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Sony's efforts on PSN breach called "half-hearted, half-baked," at US Congressional hearing

Today, the US House Subcommittee on Commerce, Manufacturing and Trade held a hearing regarding the PSN breach, which was broadcasted live via C-SPAN., like most meet-ups between government officials. During the hearing, Representative and Chairman of the committee, Mary Bono-Mack, called Sony's response to the matter "half-hearted," and "half-baked."

"In Sony’s case, company officials first revealed information about the data breach on their blog," said Bono-Mack during the hearing (via Industry Gamers). "That’s right. A blog. I hate to pile on, but—in essence—Sony put the burden on consumers to 'search' for information, instead of accepting the burden of notifying them. If I have anything to do with it, that kind of half-hearted, half-baked response is not going to fly in the future.

"For me, the single most important question is simply this: Why weren’t Sony’s customers notified sooner of the cyberattack? I fundamentally believe that all consumers have a right to know when their personal information has been compromised, and Sony - as well as all other companies—have an overriding responsibility to alert them... immediately."

The hearing was set to discuss the risk to consumers over the PSN data breaches, how the current investigation was going, what the current industry data security practices are comprised of along with how they can be changed, and what, if anything, can be used technologically to stop beaches like this in the future.

Not only was Sony being discussed, but also recent data breaches from Epsilon and ChoicePoint were pondered during the hearing as well.

Sony was not involved with the hearing, as it stated yesterday it was currently still involved in the investigation, but planned to comply with the deadline set by the hearing committee in answering all questions posed to it. This response, was posted earlier by Sony via its official PS Blog, and in it the firm blamed hacker group Anonymous for the recent security breach.

According to Sony, it found a file called Anonymous in its system files with the phrase "We Are Legion" attached to it.

"[Sony and Epsilon] must shoulder some of the blame for these stunning thefts, which shake the confidence of everyone who types in a credit card number and hits 'enter'," said Bono-Mack. "As Chairman of this Subcommittee, I am deeply troubled by these latest data breaches, and the decision by both Epsilon and Sony not to testify today. This is unacceptable.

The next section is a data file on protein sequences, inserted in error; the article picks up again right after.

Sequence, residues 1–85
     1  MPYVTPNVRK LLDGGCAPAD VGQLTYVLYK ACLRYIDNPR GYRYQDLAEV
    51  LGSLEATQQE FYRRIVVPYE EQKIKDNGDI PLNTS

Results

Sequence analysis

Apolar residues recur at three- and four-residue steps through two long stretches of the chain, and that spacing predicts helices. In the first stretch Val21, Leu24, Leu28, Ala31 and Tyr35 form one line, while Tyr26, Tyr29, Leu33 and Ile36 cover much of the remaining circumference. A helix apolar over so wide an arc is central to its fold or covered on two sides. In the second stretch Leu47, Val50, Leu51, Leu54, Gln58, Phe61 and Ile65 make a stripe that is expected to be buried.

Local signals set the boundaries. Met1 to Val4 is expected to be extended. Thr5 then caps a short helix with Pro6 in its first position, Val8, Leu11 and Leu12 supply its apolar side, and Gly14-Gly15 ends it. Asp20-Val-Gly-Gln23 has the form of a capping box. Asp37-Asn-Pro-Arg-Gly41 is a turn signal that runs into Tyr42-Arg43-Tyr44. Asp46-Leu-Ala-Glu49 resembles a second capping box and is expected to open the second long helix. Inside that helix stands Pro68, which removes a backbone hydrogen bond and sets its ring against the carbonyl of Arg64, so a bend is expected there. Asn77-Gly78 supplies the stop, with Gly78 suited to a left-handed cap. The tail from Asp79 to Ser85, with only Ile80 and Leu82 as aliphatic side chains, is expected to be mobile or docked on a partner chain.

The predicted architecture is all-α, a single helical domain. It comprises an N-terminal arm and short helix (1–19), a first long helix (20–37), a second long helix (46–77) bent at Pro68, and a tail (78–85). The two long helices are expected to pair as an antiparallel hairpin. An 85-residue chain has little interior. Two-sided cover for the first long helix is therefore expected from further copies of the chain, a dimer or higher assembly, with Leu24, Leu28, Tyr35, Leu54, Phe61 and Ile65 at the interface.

"According to Epsilon, the company did not have time to prepare for our hearing—even though its data breach occurred more than a month ago. Sony, meanwhile, says it’s too busy with its ongoing investigation to appear. Well, what about the millions of American consumers who are still twisting in the wind because of these breaches? They deserve some straight answers, and I am determined to get them."

The need to protect consumers via federal notification laws was also discussed, and if drafted and passed, it would make it a federal law for companies to notify consumers immediately should such a security breach occur again. Currently, laws such as this vary from state to state, with some not having a law on the matter present on the books at all.

Witnesses participating the hearing included: David Vladeck, director of the Federal Trade Commission's Bureau of Consumer Protection along with Pablo Martinez, deputy special agent in charge of criminal investigations at the United States Secret Service.

Consumer advocate Justin Broookman and Technology and information security expert Eugene Spafford of Purdue University also participated.

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